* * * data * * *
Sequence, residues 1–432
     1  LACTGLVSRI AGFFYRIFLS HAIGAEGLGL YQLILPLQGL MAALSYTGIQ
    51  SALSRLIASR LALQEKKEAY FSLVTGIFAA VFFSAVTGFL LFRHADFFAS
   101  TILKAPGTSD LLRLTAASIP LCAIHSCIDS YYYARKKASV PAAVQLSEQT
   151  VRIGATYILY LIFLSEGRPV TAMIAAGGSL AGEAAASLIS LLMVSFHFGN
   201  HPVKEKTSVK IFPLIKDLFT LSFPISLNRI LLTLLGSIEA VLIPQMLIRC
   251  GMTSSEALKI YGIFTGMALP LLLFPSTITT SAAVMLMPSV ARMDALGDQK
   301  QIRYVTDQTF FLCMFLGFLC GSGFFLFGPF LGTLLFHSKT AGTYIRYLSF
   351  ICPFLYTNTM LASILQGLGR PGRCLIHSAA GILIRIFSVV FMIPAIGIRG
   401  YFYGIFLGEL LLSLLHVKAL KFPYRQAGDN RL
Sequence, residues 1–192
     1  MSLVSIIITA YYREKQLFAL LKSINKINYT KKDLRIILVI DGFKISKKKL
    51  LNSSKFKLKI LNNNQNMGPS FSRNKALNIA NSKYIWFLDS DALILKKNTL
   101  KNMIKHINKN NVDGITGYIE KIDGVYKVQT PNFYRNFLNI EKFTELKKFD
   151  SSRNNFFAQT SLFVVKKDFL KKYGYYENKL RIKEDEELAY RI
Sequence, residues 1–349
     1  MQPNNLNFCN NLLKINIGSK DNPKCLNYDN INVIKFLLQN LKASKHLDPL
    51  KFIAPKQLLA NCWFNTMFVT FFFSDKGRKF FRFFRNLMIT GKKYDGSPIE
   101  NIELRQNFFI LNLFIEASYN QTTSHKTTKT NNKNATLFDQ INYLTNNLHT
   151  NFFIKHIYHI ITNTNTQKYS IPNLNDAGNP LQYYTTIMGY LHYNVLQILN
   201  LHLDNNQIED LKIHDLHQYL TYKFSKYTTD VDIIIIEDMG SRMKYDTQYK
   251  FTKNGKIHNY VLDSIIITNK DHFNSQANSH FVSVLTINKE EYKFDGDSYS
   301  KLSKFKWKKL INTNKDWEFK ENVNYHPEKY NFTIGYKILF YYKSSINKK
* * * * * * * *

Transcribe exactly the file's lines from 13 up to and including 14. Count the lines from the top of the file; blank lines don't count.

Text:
    51  LNSSKFKLKI LNNNQNMGPS FSRNKALNIA NSKYIWFLDS DALILKKNTL
   101  KNMIKHINKN NVDGITGYIE KIDGVYKVQT PNFYRNFLNI EKFTELKKFD